Permit me one last Sadhana-related post before I put aside my unexpected (even to me) sadness at her untimely death. I know I’ve already been through two tribute posts, but even as I was writing those posts, I couldn’t help but think of the Sadhana films I haven’t reviewed on this blog (and there are several of them, including all the ones she made with Rajendra Kumar). When I think of Sadhana, I always think of her in Raj Khosla’s suspense films. Three of them, two opposite Manoj Kumar (Woh Kaun Thi? and Anita), and this one, opposite Sunil Dutt, with whom Sadhana also starred in Gaban and Waqt.
Mera Saaya gets off to a flying start—with a doctor (Shivraj) hurrying into a grand haveli, accompanied by the bustling munshi (Mukri) of the absent owner of the haveli, a lawyer named Thakur Rakesh Singh (Sunil Dutt). From the hurried exchange of instructions, voiced frustration, and anguish, it emerges that Rakesh has gone abroad. Now, his wife Geeta (Sadhana) has fallen ill, and that too so desperately ill that the doctor, when summoned, realizes there’s little to be done for her.
Two women—Rakesh’s Radha mausi (Ratnamala) and a maid named Sargam (Kumud Bole) are in attendance. The doctor chastizes Radha Mausi: why has Geeta’s condition allowed to deteriorate to such an extent? While scurrying about, ordering oxygen to be got from the hospital and so on, he tells the munshi to contact Rakesh and call him back to India.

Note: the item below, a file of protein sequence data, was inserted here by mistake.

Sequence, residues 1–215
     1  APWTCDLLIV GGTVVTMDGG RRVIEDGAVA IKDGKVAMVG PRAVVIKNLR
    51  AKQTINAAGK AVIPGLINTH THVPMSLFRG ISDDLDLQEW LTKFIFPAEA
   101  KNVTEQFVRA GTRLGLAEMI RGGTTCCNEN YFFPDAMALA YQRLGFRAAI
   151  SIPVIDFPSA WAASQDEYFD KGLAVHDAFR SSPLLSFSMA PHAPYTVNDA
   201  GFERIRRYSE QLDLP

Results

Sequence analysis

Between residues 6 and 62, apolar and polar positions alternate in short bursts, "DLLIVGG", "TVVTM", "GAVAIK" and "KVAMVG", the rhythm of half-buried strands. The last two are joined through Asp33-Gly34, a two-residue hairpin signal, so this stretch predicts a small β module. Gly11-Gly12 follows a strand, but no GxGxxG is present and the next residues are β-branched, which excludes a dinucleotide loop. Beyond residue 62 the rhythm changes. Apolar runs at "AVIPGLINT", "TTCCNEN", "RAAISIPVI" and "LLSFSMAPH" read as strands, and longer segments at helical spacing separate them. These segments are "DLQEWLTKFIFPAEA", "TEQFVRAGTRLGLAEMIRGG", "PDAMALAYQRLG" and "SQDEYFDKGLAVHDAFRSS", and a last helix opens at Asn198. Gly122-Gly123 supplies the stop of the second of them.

Rakesh arrives, hurrying through Udaipur Airport, in the car, and into the house—up to the bedroom, where Geeta is lying in bed, so dazed that she barely seems to recognize Rakesh. He clutches her, sweeps her up into his arms—and she dies. [No, that is not what a Hindi film heroine is supposed to do, at least not in the first 10 minutes of a film].
The suddenly bereaved husband is left seriously bereft. Rakesh is inconsolable; even as the days pass, we see him unable to forget his dead wife. He has a memorial chhatri built for her in the grounds of his home [with a sadly misspelt ‘Geeta Smriti’ inscribed on a tablet outside]; he spends his days listening to old tapes of her singing love songs to him and staring at her portrait.
… and is sitting beneath that very photograph when a friend, Inspector Daljit Singh (Anwar Hussain) turns up. Daljit Singh bears some very odd news. And a photograph, which he shows Rakesh. Does Rakesh recognize this woman? It’s a photo of Geeta [looking far from her usual chic self, which should have made Rakesh suspicious at once, but doesn’t]. Rakesh wonders where the inspector got Geeta’s photo, and the cop reveals the scoop of the century.